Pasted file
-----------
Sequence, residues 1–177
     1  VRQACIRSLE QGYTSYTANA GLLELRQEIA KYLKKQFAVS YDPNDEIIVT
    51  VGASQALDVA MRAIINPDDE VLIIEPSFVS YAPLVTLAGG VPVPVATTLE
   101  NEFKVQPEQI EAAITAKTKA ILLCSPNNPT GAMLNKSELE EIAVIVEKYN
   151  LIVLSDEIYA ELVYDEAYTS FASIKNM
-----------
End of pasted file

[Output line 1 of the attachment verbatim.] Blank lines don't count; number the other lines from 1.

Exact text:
Sequence, residues 1–177